Even with the changes I’ve described above, the heatsinks of the Seasonic X-Gold products look toy-like compared to many other PSUs. Those slim shiny bars that split up into "fingers" at the top (you can see them in the right part of the PSU next to a large power transformer) are installed on the input rectifier which is usually equipped with a large and massive heatsink. This is all due to the high efficiency which is itself due to the up-to-date circuit design of these PSUs. For example, they use a synchronous rectifier based on field transistors instead of a regular output rectifier based on diodes which dissipate quite a lot of power. The synchronous rectifier is more complex (the diodes work by themselves whereas the transistors have to be managed with a special chip) but also far more economical. The resistance of a modern field transistor is no higher than a hundredth of an Ohm when it's open, so it doesn't dissipate much power even when working with high currents.

There is a card with output connectors and voltage converters at the back panel of the PSU. Its component layout has also changed a little compared to the similar card installed in the X-750 although the main components have remained the same. There are two switching converters and two synchronous rectifiers on that card.

Chokes and smoothing capacitors are hidden between the card and the side panel of the case. I guess Seasonic engineers had a difficult time trying to fit all the required components into this small volume. There are polymer capacitors on the card which is especially important as they do not get any air flow from the fan, as opposed to the capacitors on the main PCB. On the other hand, these capacitors in the +5V and +3.3V rails have a much lower load in modern computer systems than the capacitors of the +12V rail.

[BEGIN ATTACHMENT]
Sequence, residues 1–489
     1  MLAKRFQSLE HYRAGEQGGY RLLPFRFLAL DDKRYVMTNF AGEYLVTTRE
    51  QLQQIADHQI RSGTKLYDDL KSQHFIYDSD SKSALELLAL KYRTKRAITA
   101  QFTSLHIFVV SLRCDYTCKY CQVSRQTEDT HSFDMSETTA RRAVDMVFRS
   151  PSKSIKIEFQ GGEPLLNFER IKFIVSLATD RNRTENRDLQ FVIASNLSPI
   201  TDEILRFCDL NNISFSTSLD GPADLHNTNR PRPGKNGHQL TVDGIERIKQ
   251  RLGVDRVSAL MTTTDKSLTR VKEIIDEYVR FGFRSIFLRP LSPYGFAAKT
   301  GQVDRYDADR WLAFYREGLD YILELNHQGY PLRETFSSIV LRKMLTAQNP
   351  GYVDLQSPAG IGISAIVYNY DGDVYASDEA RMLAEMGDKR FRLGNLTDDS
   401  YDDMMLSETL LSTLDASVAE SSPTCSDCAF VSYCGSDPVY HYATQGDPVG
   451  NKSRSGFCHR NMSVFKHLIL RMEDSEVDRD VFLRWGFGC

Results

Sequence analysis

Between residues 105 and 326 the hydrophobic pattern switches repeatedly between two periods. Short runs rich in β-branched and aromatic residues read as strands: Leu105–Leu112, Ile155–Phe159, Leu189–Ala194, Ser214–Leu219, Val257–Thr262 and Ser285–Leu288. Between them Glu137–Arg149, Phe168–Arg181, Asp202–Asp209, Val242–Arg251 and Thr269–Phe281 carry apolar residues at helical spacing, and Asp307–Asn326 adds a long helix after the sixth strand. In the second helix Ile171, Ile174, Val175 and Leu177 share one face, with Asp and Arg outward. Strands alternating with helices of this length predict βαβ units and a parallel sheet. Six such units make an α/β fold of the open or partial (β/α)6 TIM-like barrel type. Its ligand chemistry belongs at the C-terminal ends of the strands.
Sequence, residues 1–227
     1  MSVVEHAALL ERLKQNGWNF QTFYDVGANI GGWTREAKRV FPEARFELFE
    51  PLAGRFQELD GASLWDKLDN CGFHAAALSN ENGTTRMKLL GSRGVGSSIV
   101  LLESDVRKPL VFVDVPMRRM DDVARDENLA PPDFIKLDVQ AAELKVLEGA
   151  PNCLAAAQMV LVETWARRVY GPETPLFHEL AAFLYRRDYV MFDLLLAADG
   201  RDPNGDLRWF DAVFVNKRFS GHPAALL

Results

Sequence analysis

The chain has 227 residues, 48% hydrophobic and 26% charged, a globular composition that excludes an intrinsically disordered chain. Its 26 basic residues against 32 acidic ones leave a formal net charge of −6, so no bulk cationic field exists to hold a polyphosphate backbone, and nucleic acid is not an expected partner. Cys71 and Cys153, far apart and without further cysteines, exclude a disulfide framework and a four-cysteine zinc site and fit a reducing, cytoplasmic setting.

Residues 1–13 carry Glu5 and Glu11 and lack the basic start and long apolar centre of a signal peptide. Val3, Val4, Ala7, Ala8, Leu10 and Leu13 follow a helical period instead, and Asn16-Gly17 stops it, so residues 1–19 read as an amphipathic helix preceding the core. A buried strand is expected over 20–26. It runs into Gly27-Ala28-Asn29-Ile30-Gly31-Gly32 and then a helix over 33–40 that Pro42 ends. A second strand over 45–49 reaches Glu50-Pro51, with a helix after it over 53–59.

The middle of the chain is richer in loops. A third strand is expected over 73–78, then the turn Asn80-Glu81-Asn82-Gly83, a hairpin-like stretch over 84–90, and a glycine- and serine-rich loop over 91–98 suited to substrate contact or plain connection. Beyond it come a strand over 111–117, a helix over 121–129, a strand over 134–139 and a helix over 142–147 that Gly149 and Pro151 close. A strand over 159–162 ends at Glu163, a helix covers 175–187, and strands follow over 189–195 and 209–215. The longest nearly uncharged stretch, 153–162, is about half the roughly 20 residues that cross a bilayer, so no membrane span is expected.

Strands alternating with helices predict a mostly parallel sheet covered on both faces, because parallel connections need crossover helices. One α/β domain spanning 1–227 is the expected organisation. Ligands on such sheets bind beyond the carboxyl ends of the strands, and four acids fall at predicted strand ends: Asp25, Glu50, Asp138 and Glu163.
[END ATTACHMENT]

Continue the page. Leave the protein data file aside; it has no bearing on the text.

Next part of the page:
Each of the three X-Gold models is cooled with a Sanyo Denki San Ace 120 fan (9S1212F404, 120x120x25 mm, 2200 RPM, 2-pin connection). If the fan fails or otherwise ceases to satisfy you after the warranty period, you will be able to easily find a replacement. The fan of the X-750 had a 4-pin connection, by the way.

Besides the smooth, aerodynamic shape of the impeller we can note the circle of hollows around its center. In two out of the three fans some of the hollows were filled with some brown glue-like substance. This indicates that each impeller was individually balanced by adding drops of glue to shift the center of mass as necessary. With such balancing the Sanyo Denki fans should ensure low vibration, excellent acoustic characteristics and a long life of the bearing (by reducing the stress caused by the beating of the impeller).

Each of the three models can deliver almost all of their full output power across the single +12V rail. This rail is not split up into multiple lines. The X-760 doesn't seem to be greatly different from the X-750 except that the -12V rail is weaker (0.5 instead of 1 ampere) but a modern computer has almost no consumers of that voltage (except for COM port drivers which are going to leave mainboards very soon, too). The total output power is 10 watts higher as is indicated by the model name.

Each model comes with the following cables:

  • One mainboard cable with a 20+4-pin connector (58 cm)
  • One CPU cable with a 4+4-pin connector (64 cm)
  • One CPU cable with an 8-pin connector (64 cm, for the X-760 only)
  • Two (X-660 and X-760) or one (X-650) graphics card cable with two 6+2-pin connectors (58 cm, for a total of 4 or 2 graphics card connectors, depending on the PSU model)
  • Two (X-760) or one (X-560 and X-660) cable with three PATA power connectors (55+15+15 cm)
  • One cable with two PATA power connectors (35+15 cm)
  • Two cables with three SATA power connectors on each (55+16+16 cm)
  • One cable with two SATA power connectors (35+15 cm)
  • Two adapters for two floppy-drive plugs each (15 cm)

Nothing seems to be missing here. The HDD power cables are now only 55 or 35 centimeters from the PSU case to the first connector whereas they used to be 55, 45 or 35 centimeters long to the first connector with the X-750, but the total number of connectors is the same.

The cables are packed into a cute pouch.